Abridgements of two from Insider Higher Education. Full articles here and here.
5 Mistakes of Rookie Deans
July 24, 2015
Welcome to the world of being a dean — one of the most daunting and rewarding jobs in academe. …
In my journey, I have talked with many deans and identified the top five mistakes rookie deans make, along with some helpful advice on how to avoid them.
1. Underestimating the knowledge, skills and abilities it takes to do the job well.
- Develop the mental capacity to know a little about a lot versus being narrow and deep.
- Envision what you want success to look like so that you lead your team in a positive direction.
- Understand how to delegate.
2. Overestimating the power and influence one has in the role.
- Take seriously responsibility “power,” but don’t let it go to your head.
- Always share the credit.
- Focus on how to engage people enough that they want to follow your lead.
3. Lacking sufficient knowledge about managing oneself.
Take charge of your schedule and priorities.
- Manage your time.
- Control your ego and develop a thick skin.
- Managing stress. Sort and prioritize and delegate. Talk out tough issues, be honest, reflect and work for clarity, take breaks and stay active.
4. Lacking sufficient knowledge of how to generate and allocate resources across the enterprise.
5. Underappreciating the art and science of relationship building.
Pursue each relationship within our college and our university and relationships with alumni, donors and friends of the institution as opportunity to build a lifelong, mutually beneficial relationship. These can be pursued through listening tours, outreach to other deans, strategic planning committees, faculty/staff town hall meetings and road trips.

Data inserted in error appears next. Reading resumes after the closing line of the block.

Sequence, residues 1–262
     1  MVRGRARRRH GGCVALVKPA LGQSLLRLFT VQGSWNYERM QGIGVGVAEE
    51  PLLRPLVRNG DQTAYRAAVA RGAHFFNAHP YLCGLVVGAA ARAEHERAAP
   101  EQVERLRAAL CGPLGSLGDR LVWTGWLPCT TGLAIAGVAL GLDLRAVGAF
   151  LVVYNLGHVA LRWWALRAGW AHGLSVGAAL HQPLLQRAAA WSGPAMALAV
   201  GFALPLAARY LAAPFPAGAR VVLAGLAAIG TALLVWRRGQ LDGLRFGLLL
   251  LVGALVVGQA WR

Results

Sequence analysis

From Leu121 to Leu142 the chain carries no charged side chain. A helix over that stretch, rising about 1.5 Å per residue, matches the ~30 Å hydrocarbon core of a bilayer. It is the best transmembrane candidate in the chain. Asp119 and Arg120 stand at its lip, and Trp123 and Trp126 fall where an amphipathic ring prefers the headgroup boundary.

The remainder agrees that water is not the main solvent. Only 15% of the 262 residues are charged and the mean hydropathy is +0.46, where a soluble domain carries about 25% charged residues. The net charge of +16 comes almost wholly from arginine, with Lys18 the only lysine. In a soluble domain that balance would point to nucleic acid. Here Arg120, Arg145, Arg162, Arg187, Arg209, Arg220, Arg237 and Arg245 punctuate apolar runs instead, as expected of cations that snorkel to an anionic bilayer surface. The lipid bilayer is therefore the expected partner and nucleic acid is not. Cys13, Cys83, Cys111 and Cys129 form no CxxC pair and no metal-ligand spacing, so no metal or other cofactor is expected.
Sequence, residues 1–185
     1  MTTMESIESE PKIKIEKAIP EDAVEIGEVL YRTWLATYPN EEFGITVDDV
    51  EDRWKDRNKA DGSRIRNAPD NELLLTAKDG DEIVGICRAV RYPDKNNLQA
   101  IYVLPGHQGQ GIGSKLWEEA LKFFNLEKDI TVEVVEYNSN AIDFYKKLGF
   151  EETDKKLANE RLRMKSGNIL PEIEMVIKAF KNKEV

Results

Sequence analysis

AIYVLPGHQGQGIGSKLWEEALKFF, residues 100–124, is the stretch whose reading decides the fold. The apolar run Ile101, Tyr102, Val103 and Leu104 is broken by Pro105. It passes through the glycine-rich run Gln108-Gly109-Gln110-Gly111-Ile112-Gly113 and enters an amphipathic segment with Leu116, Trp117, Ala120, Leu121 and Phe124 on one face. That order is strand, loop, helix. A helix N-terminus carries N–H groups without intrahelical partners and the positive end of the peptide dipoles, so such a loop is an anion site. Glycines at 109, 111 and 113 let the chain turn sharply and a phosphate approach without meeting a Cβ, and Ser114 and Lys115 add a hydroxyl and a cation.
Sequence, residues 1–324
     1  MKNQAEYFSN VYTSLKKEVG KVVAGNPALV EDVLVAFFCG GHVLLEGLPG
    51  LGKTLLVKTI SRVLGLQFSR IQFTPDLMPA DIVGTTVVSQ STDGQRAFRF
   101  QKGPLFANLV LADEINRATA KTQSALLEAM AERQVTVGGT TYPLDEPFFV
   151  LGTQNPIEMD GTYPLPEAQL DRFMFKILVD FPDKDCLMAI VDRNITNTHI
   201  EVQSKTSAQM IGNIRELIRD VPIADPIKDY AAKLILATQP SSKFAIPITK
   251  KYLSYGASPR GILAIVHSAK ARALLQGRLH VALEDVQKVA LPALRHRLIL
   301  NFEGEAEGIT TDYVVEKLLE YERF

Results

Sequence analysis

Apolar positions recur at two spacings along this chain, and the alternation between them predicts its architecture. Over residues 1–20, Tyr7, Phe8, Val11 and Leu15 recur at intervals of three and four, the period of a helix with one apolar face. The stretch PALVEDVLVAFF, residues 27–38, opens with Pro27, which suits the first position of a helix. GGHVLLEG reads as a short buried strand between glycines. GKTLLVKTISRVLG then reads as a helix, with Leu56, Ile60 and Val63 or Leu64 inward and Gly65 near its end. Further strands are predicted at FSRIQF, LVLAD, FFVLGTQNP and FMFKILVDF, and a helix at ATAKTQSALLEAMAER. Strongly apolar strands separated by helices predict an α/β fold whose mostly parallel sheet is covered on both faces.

A Few More Rookie Dean Mistakes
July 27, 2015 – 9:26pm
The five mistakes it highlights, it gets right, but I’d add a few.
Applying the standards of proof for an academic publication to daily decision making.
I remember being struck by how quickly a few facts or anecdotes became conclusive. If you start picking those apart, though, you quickly discover why: if you wait for anything decisive, you will wait years. So you have to learn when the call for more analysis is actually helpful, as opposed to when it comes across simply as a delaying tactic.
Taking the first answer as the last answer.
Many people will respond to any suggestion with a knee-jerk “no” that sounds definitive, but is really a version of “I’m not used to that yet.”
Acceptance of new ideas isn’t automatic. It’s a process. That means building some of that time into your process, and accepting that some initial reactions may be discouraging.
Being the smartest person in the room.
When teaching, it’s easy to fall into the trap of being the smartest person in the room. But in administration, if you feel the need to prove yourself all the time, you’ll burn bridges and look ridiculous.
The best administrators I’ve known make a point of surrounding themselves with very smart people, and listening to them. That can mean allowing someone lower on the food chain to win, simply by having the better argument. When you defer to the better argument — when you allow truth to trump rank — you create an environment in which all that intelligence becomes an asset. [emphases, Ryan] If the chief has to win every time, then the organization is limited to the vision of the chief.
Every college has quirky arrangements that make no sense on paper, but that work. Or they’re the least-bad compromises among warring factions. It can be tempting to regard those as low-hanging fruit, but be careful. Ask questions first, and listen for the pauses. The part of the sentence that tails off is often the most important. “We would have changed that, but, well, you know…”
Remembering Too Much
Finally, accept that you’ll make mistakes, and sometimes have best-available moves seen as mistakes. Learn from them, but don’t dwell on them. Forgive yourself the honest goofs, own them, and move on.